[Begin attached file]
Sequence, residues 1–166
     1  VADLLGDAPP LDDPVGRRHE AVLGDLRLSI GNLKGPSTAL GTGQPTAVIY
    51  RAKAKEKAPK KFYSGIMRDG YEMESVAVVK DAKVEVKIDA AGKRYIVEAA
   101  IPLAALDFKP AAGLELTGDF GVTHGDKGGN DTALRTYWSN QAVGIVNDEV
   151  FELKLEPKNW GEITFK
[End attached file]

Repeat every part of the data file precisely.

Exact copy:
Sequence, residues 1–166
     1  VADLLGDAPP LDDPVGRRHE AVLGDLRLSI GNLKGPSTAL GTGQPTAVIY
    51  RAKAKEKAPK KFYSGIMRDG YEMESVAVVK DAKVEVKIDA AGKRYIVEAA
   101  IPLAALDFKP AAGLELTGDF GVTHGDKGGN DTALRTYWSN QAVGIVNDEV
   151  FELKLEPKNW GEITFK